Dying Light review: fear of heights

Game Info
Platform Win, PS4, Xbox One
Publisher Warner Bros. Interactive Entertainment
Developer Techland
Release Date TBA 2014

Dying Light is developer Techland's big swing for relevance.

The Polish developer has made a name for itself in the shrinking middle tier of game development, putting out games that were at the very least something different than the status quo. With Call of Juarez, it's demonstrated an ability to deliver an interesting, narrative-driven game, and with the original Dead Island, Techland also showed an ambition to make something big in a difficult space — the open-world action game.

But Techland's output has also been inconsistent — games like Call of Juarez: The Cartel, Nail'd and even Dead Island demonstrated both questionable stability and broken in-game systems. Even at the best of times, Techland's reach has just slightly exceeded its grasp. With Dying Light and new publisher Warner Bros Interactive, Techland is reaching for the big leagues.

There are things to like in Dying Light, and a lot of pieces of cool, satisfying gameplay that, on their own, are exciting. Its height, its sense of scale all build an intimidating verticality. But it's easy to lose all that in a sea of the undead.

Dying Light takes place in the fictional country of Harran, which, in the lead-up to a global athletic games competition — not the Olympics, obviously, because licensing — is overtaken by a mysterious zombie plague.

In this respect, Dying Light takes the zombie apocalypse scenario long since driven into the ground by both film and video game alike and leads it into some less-traveled areas. The middle-eastern setting — Harran appears to be based on Turkish architecture and shares a name with an ancient city in Messopotamia — is distinctive, and presents different character and social dynamics than the largely western environments so common to the genre.

Almost as interesting is the timeline of Dying Light's outbreak. The game takes place several months into Harran's nightmare, where a sort of new normal has been established after the military's failed attempts to contain the situation were followed by more concrete quarantine procedures. Its bridges and avenues to the outside world collapsed, people have found ways to survive, to live in a city overrun.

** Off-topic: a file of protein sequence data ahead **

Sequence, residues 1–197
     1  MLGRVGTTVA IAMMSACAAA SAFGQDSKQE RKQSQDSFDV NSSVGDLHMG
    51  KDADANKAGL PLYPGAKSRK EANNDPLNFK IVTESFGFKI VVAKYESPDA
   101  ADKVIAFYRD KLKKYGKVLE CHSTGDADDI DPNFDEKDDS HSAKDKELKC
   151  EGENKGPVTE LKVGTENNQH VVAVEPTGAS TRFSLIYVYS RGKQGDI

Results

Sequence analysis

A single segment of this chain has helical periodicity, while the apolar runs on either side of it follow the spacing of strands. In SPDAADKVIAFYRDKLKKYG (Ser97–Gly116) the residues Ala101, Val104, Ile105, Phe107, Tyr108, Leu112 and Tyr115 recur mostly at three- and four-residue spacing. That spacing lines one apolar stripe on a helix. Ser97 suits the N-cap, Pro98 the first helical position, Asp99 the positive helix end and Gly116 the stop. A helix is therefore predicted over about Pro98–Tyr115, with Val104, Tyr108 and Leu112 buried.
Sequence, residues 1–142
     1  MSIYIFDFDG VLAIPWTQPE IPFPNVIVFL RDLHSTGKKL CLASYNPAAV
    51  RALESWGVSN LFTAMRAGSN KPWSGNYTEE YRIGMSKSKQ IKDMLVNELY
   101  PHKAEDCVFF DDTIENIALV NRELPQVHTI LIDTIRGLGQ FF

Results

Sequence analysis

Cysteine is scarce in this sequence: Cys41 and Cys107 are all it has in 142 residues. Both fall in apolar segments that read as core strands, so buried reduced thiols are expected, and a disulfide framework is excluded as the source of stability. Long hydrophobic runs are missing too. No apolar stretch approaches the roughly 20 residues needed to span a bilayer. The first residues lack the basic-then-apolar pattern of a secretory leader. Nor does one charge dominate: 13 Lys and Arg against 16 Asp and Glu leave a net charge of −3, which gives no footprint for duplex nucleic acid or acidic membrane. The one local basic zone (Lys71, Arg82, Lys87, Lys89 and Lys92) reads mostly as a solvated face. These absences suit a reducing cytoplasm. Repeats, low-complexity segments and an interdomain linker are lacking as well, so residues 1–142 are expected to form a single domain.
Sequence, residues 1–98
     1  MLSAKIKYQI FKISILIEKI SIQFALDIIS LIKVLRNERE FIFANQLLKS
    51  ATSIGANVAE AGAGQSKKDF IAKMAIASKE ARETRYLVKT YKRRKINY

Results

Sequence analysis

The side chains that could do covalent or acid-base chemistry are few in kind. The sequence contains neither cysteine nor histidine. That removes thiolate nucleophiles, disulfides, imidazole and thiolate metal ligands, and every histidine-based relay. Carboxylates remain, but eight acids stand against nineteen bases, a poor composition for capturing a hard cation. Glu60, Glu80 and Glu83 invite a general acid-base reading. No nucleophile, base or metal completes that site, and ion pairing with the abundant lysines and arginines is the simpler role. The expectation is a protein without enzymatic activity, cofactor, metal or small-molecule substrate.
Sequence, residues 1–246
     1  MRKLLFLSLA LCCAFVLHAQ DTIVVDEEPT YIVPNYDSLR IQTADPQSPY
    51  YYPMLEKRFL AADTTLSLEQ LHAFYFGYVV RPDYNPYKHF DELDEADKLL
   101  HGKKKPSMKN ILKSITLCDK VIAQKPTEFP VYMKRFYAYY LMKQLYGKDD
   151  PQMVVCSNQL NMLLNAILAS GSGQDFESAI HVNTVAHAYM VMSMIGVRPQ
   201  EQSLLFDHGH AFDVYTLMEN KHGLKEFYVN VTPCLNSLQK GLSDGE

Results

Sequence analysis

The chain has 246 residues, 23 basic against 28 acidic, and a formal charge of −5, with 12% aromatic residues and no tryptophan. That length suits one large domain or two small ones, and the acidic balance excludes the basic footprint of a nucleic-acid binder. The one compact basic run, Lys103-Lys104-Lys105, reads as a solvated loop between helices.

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As Dying Light begins, GRE contractor Kyle Crane is parachuted into Harran to find one of the agency's other assets and a file in his possession. Crane is attacked by thugs as he reaches the ground, and their fight attracts the zombie horde. Crane is rescued by residents of "the Tower," a refuge for some of Harran's surviving residents, and must aid them in order to gain their trust and complete his mission.

That mission quickly sends Crane out into the open-world Harran and hundreds if not thousands of zombies. The city is progressively more overrun as the game moves forward, with a constantly shifting day/night cycle. During the day, zombies can mostly be avoided and aren't much of a threat. But they become more dangerous at night, and there are worse things than shamblers when its dark out.

While Dying Light isn't survival horror exactly, resources are finite. Guns are rare, and gunshots draw the attention of the infected. Like Techland's previous zombie game Dead Island, even melee weapons aren't exactly reliable. They're fragile; they can be repaired and even modified with upgrades, but eventually, they will break. Zombies, on the other hand, are resilient, requiring multiple strikes to take them down in most cases.

This is a problem, because combat in Dying Light gets old pretty fast. While Dead Island introduced a finessible "analog" combat mechanic, Dying Light is much simpler. You can aim at specific body parts, and bladed weapons can dismember in the right circumstances, but even a few hours in, I felt like I was having the same fights over and over again.

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Blood in the streets